ALAN PARSONS: When the band had been performing "Time" in concert, it simply started with Roger Waters playing the bass clicks which eventually come out of the introduction that's on the record. But, I came up with this idea for putting a load of clocks and timepieces which I'd recorded a few weeks previously, in a local clock shop. And the idea was that all of the clocks would tick together, which would be virtually impossible to record under normal circumstances, but with a multi-track tape, we managed to sync them all up, so that they would tick for a while and then all started chiming at the same time. And then, out of that came the bass lick, and then went into the tune. [Song: Pink Floyd, "Time" from their album "Dark Side Of The Moon"]

ALAN PARSONS: I thought it was a little strange at the time, after the phenomenal success of "Dark Side Of The Moon," that The Floyd came in to do another album which was a complete departure from it. It was actually designed to be an album recorded totally without any musical instruments--or any conventional musical instruments. And, we started making this record with objects, such as rubber bands and tin cans, and blowing through bottles, and rubbing fingers 'round wine glasses, and things like this. But the whole thing was just so *painstaking*, I mean we must have spent about a month in the studio, at least, and came out with about two minutes of music. And everybody just said, y'know, "My brain's going! I can't possibly go on any further." So, it's a great shame the thing was abandoned, because it did have a potential to cause a complete revolution in recording, but the effort involved in making it would have just been extraordinary. That was actually the last time I worked with The Floyd. They went on to do "Wish You Were Here" and "Animals" elsewhere. But at this time, I was beginning to get calls from people wanting to work with me as producer, as well as engineer. And one of the first to come along to ask for me as a producer, was Steve Harley. Steve had scored a fair success with first "Cockney Rebel" [???] album, but it was really the "Psychomodo" album that broke him in England, and the first single that was released, virtually the first thing I'd actually produced, actually made the Top 20 in England, and it's called "Judy Teen." [Song: Steve Harley, "Judy Teen," from his single of the same name. :-) ]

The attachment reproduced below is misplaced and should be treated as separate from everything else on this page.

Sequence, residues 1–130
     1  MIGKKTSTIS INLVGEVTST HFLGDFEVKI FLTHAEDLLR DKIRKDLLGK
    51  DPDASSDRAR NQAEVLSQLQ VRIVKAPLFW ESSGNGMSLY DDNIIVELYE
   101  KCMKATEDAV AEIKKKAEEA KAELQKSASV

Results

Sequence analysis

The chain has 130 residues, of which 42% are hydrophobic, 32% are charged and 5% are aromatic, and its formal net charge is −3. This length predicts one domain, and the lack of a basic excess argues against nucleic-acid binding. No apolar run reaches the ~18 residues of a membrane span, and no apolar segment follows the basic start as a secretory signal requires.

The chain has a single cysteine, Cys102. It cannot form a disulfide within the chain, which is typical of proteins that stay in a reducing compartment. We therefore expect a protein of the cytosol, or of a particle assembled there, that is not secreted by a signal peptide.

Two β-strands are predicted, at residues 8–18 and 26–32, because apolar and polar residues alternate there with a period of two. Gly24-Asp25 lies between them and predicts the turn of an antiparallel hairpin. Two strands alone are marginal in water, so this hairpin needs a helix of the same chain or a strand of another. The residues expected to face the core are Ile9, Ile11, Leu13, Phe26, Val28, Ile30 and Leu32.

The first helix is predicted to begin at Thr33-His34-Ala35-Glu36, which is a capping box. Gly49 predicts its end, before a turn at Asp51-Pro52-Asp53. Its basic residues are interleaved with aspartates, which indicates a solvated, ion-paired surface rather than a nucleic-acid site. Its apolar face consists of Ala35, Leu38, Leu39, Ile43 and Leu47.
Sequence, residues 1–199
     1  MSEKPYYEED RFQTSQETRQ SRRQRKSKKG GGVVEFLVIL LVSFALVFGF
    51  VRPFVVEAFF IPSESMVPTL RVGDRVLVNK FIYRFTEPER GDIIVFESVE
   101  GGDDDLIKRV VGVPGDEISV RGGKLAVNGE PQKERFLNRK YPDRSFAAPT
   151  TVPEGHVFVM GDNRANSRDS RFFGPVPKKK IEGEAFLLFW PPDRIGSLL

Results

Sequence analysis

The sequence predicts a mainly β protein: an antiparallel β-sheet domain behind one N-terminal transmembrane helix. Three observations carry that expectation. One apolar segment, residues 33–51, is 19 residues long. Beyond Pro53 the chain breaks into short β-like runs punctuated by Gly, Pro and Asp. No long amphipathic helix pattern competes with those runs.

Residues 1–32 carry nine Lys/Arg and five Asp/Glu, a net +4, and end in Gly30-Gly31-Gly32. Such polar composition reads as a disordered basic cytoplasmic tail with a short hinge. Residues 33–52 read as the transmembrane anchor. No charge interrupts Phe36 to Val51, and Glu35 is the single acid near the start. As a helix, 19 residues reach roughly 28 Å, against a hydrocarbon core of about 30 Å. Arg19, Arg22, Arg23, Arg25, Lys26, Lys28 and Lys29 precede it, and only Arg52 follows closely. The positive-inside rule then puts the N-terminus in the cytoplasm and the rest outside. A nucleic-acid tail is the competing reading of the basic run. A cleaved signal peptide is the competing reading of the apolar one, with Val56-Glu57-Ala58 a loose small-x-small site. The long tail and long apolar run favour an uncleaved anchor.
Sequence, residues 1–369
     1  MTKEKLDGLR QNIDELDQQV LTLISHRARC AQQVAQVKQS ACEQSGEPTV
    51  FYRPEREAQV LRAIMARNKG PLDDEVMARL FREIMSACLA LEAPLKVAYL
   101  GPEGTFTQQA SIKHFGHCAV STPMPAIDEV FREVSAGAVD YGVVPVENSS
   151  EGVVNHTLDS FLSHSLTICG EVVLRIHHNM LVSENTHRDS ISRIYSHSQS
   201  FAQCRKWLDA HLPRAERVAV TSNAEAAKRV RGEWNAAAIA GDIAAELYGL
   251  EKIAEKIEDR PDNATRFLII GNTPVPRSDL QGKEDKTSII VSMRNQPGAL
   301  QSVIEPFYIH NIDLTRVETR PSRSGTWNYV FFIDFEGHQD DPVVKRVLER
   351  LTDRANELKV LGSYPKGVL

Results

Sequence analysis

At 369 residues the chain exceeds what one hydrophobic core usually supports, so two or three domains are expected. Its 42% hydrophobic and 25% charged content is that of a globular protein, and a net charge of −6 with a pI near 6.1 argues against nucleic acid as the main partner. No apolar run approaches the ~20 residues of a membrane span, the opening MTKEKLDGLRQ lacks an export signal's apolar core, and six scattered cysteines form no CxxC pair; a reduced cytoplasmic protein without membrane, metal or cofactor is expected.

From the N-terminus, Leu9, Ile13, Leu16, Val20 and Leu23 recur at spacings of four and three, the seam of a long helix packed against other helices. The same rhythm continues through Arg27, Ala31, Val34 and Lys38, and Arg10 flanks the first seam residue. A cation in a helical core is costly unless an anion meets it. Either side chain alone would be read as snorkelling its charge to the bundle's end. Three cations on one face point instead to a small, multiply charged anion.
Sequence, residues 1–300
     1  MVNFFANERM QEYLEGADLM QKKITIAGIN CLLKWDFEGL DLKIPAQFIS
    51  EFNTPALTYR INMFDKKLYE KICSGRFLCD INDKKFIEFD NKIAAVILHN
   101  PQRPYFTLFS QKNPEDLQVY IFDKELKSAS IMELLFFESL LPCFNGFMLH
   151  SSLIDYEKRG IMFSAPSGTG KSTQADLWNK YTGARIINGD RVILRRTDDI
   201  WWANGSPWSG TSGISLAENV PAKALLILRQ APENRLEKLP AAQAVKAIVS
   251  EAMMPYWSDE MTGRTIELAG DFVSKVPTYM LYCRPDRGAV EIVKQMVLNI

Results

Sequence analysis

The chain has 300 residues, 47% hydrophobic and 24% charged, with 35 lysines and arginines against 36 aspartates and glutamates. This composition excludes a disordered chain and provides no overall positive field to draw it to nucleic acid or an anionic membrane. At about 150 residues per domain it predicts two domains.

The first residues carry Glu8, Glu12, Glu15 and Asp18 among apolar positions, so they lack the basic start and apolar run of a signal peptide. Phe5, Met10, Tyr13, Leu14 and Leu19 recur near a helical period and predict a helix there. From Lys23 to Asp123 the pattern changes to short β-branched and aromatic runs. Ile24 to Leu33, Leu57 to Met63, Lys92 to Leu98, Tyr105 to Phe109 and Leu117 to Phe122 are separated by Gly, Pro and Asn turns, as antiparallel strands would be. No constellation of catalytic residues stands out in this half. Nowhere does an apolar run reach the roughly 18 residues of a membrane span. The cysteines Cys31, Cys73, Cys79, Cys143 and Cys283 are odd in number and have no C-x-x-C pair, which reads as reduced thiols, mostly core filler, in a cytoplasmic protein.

ALAN PARSONS: It wasn't long before EMI came up with another act for me to produce for them. These were three guys from Scotland by the name of David Paton, Stuart Tosh, and Billie Lyall. They teamed together with another Scot called Ian Bairnson, and became known as Pilot. We made an album, and thankfully again, the single that was released from this album also scored very well, and completely broke them wide open in America. The record reached number two, if I'm not mistaken. The song was called "Magic." [Song: Pilot, "Magic," from their self-titled album]

ALAN PARSONS: I was in a slightly awkward situation at this point, because I'd had two successful records with EMI, and I was also getting offers from companies outside EMI, which put me in a rather difficult position, because now that I'd been working for EMI for seven or eight years, it was a little hard to make the decision of whether I should go out and work as a producer for another company. Thankfully, things worked out, and one guy who particularly impressed me from the offers that came from outside EMI, was John Miles. [Background song: John Miles, "Pull the Damn Thing Down," from his album "Rebel."] I'd just felt that he was an incredible professional--a great voice, and an incredible sense of pitch, and also, probably one of the most underrated guitarists that I'd ever heard. The album we made was called "Rebel," and there was one song called, "Music" which was released as a single in most European countries, even though it was over five minutes long. But nevertheless, it established his name in most parts of Europe. [Song excerpt: John Miles, "Music (reprise)," from his album "Rebel."]